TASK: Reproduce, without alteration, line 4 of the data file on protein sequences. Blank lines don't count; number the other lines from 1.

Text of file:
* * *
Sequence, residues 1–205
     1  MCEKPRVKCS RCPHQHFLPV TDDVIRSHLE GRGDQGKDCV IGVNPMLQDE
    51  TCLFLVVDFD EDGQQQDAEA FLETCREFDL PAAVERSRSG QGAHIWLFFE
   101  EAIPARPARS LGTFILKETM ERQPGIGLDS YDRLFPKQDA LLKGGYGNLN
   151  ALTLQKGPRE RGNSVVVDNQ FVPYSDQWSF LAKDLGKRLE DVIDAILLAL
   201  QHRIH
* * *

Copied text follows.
   101  EAIPARPARS LGTFILKETM ERQPGIGLDS YDRLFPKQDA LLKGGYGNLN